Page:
How to Create Your Digital Home

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Your Website is Your Digital Home

I am one of the 63% of millennials who do not own a home.

My husband and I rent, by choice, and that likely won’t change any time soon. We have to be able to move quickly in the event his job takes us to a new location (I’m crossing my fingers that Europe is on the list someday!)

Sinking money into a home when we have yet to live in the same city more than 4 years just doesn’t make sense for us.

Our current space is lovely, but we’ll never be able to do all the things we would be free to do if we owned our home. The limitations aren’t severe, but they’re enough to affect how we live in significant ways.

You may think establishing your online business presence is as simple as broadcasting your new venture to your friends and family on social media, but that’s not true.

You may be able to get started that way, but if you’re interested in building something sustainable, you absolutely need your own space online.

If you want the freedom to grow the way your business needs to grow, you must build a dedicated space to foster relationships with your audience.

“You may think establishing your online business presence is as simple as broadcasting your new venture to your friends and family on social media, but that’s not true.

Three Parts of a Digital Home

Your online platform consists of three parts which are like the three parts of a physical home: address, land, and building.


You must choose an address for your digital home so that your audience knows how to find you.


You have to purchase a space online to construct the “building” for your home.


You need to develop a building that will store the contents of your home.

Let’s explore these three components further.

Domain Name: The Address Used to Find Your Digital Home

The first thing you must secure in order to build your digital home is a domain name. Your domain name is the address you create for others to find your website.

There are a few factors to consider when choosing a domain name:

1) Use the .com suffix – Although you can purchase any available domain you’d like, it’s not a wise idea to select a Top Level Domain (TLD or suffix as we’re calling it) that varies from the norm.

The .com is short for commercial and though there are millions of non-business websites that use the .com suffix that aren’t business, and many more that are businesses that don’t use the .com suffix, you should choose something that makes it easier for your audience to find you.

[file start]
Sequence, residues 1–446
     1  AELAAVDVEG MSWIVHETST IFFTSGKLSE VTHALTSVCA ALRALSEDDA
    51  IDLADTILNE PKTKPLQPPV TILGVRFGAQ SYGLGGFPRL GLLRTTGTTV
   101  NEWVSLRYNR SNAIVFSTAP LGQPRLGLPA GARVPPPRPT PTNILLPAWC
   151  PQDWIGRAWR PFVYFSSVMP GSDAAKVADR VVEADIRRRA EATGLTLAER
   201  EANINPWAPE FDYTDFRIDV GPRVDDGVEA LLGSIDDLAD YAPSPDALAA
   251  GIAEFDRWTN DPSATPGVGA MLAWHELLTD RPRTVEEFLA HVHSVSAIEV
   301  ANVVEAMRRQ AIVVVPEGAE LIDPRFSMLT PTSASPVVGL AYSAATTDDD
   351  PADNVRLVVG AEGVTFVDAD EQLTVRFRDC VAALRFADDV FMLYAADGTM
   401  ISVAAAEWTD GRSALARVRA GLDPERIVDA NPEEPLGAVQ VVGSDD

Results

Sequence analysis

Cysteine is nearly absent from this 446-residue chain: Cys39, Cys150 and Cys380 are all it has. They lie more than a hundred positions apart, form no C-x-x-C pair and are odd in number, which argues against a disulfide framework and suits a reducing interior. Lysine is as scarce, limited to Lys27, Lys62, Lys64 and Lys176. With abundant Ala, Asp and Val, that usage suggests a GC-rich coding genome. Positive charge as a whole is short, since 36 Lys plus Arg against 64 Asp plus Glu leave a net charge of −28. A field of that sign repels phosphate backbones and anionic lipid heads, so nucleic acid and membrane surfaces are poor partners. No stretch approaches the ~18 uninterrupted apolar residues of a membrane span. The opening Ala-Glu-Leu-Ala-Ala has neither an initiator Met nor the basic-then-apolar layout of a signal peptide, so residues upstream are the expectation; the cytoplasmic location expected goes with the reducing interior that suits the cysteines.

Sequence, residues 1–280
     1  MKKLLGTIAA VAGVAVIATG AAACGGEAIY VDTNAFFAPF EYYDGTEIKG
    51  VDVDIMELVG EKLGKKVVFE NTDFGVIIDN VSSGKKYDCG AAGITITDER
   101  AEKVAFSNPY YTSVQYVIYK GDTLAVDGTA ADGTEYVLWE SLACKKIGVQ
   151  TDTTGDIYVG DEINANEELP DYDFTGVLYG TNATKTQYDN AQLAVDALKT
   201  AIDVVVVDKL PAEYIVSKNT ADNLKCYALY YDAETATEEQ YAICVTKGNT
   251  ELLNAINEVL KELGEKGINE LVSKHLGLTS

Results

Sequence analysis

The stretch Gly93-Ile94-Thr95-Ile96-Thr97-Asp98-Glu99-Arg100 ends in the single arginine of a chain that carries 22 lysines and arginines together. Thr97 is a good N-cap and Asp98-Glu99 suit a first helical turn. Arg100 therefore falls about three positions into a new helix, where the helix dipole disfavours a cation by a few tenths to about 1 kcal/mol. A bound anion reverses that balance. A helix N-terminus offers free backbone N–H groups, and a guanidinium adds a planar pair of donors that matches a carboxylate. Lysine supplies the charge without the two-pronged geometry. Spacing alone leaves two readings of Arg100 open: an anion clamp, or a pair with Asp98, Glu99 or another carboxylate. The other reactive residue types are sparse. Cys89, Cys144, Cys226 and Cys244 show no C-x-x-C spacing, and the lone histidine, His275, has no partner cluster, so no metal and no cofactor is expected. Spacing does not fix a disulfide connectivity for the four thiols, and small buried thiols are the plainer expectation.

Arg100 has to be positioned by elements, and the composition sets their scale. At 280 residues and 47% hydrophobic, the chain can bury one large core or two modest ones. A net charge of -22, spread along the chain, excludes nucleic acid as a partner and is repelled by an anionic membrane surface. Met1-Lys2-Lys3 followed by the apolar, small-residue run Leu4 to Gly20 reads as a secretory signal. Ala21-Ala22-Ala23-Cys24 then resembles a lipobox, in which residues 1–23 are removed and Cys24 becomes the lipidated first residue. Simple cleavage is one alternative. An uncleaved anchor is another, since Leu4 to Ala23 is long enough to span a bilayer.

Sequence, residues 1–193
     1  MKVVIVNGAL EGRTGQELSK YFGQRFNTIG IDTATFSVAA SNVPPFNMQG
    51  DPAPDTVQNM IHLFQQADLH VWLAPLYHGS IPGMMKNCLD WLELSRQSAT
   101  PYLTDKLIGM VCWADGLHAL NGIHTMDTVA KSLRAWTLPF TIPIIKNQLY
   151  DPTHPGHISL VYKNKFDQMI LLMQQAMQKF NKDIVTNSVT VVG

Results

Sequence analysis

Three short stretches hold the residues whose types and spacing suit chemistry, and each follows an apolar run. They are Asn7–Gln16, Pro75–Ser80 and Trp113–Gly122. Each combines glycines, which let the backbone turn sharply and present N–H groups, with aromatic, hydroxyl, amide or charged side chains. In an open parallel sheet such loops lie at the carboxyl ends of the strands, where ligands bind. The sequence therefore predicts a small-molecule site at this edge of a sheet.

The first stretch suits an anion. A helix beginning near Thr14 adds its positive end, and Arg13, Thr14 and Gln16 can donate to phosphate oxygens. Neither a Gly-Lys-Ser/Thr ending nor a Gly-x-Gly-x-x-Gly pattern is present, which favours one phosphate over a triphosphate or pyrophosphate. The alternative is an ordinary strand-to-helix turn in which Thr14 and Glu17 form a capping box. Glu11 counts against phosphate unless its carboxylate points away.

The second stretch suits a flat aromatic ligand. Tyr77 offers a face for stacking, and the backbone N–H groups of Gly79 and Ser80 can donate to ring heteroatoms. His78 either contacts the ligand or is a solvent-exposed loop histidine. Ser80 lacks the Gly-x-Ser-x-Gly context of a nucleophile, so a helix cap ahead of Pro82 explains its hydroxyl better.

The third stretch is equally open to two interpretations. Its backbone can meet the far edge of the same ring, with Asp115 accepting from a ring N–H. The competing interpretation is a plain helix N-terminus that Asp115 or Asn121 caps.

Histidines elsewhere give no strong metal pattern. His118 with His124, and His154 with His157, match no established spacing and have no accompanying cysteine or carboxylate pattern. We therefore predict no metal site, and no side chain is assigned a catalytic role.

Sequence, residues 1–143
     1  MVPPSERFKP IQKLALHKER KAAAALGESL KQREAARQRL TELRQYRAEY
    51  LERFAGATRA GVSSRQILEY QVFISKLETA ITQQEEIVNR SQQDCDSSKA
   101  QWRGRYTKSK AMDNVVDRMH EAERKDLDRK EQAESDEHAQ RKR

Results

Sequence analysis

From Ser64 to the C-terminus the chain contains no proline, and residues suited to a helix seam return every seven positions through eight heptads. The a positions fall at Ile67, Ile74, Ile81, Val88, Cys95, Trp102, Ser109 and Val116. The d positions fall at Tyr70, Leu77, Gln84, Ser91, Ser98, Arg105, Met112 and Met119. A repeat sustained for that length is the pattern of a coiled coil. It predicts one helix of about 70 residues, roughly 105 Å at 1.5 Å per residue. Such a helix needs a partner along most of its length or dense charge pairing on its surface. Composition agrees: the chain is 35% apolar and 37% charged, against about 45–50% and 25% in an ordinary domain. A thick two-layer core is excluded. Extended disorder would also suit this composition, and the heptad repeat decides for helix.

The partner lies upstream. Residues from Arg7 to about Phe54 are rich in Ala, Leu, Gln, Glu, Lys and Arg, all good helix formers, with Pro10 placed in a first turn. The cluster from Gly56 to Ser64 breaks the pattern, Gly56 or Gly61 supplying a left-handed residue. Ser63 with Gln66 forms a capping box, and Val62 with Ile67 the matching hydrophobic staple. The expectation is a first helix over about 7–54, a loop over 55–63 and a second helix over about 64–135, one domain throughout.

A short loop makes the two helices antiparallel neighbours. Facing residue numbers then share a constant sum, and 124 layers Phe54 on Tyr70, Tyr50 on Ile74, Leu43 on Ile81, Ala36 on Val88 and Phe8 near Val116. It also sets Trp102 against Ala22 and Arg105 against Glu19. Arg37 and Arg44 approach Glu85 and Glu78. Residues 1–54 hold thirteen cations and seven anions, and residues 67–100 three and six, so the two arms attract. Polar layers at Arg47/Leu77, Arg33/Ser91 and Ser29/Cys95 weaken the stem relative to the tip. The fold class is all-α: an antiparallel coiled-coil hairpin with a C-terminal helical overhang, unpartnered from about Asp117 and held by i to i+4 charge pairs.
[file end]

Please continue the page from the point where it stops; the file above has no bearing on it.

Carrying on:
You’re not going to doom your online business if you go with .net, .co, or any of the other TLD options, but be mindful of the impact your choice can have on your branding and online presence.

2) Choose your name wisely – Years ago, I decided I would offer services as a WordPress Developer. I brainstormed and out of the pool of potential names, I decided to do a spin on my real name and the word web since my niche was web development. The final result? Taingled Web. It sounded clever, but it also left people with a lot of questions and odd associations. The main association is with the aphorism, “Oh what a tangled web we weave when first we practice to deceive.” *insert face palm here*

A few of my wonderful business mentors and pals pointed this out to me, but I explained why I’d chosen the name (my initials and last name are literally T. A. Ingle or taingle) and they got it, but they wisely pointed out the truth that others wouldn’t get it so easily.

Still, I went ahead with using the name. I still have the website now and use it for my freelance writing services. But I have to admit, it’s not a name that immediately makes people want to work with me. Human psychology is an important factor to consider in your branding and marketing decisions. So even though no one outside of my warm market has come out and said “Taingled Web” is a turn-off, I know enough about how the mind works (psych major here!) to know that I should’ve thought that one through a bit more. I was too busy being cute to be smart ?

But you, my friend, will do better than I did. Take the time to get feedback from others before you spring for the domain name. Sure, domain names are affordable, but the expense of rebranding down the road (which I will be doing later this year) can be great.

3) Do not use a trademarked name! – I love La Croix. Every flavor is delicious. No carbs, no sodium, no calories, no guilt? Yes, please!

I bet I could blog about La Croix if I wanted to, and that would be perfectly fine.

What wouldn’t be fine is using the La Croix brand name in my domain. That is a ticket to court (or worse).

Nevertheless, I could likely go purchase the name if I wanted to.

Are you wondering how that’s possible? Well, the companies that sell domains aren’t responsible for ensuring that the domain name you choose isn’t infringing on the copyright of another company. It’s up to you to perform due diligence.

If you are uncertain whether a name you like is Trademarked, you can search the database of the United States Patent and Trademark Office and find the answers you need.

4) Keep it short – Ideally your domain name will have just three words. Your audience shouldn’t have to type an essay just to get to your site. Choose a name that is brief and memorable so that getting to you is a breeze.

5) Don’t overspend! – My favorite place to purchase domains is Namecheap. They have a great selection, awesome sales, and the support is wonderful. When I get an idea for a business or a blog (and I have several in mind), I go and reserve my domain name for a few dollars and use it when I’m ready.

When you’re ready to secure your domain name, check out Namecheap!

Hosting: The Land Your Digital Home is Built Upon

The next step in setting up your digital home is choosing the hosting. When you purchase web hosting, you are paying a hosting company to store your website on its computer servers. It’s important to choose a company that has the power to provide you with enough space for your website to grow, top-notch security, and excellent tech support.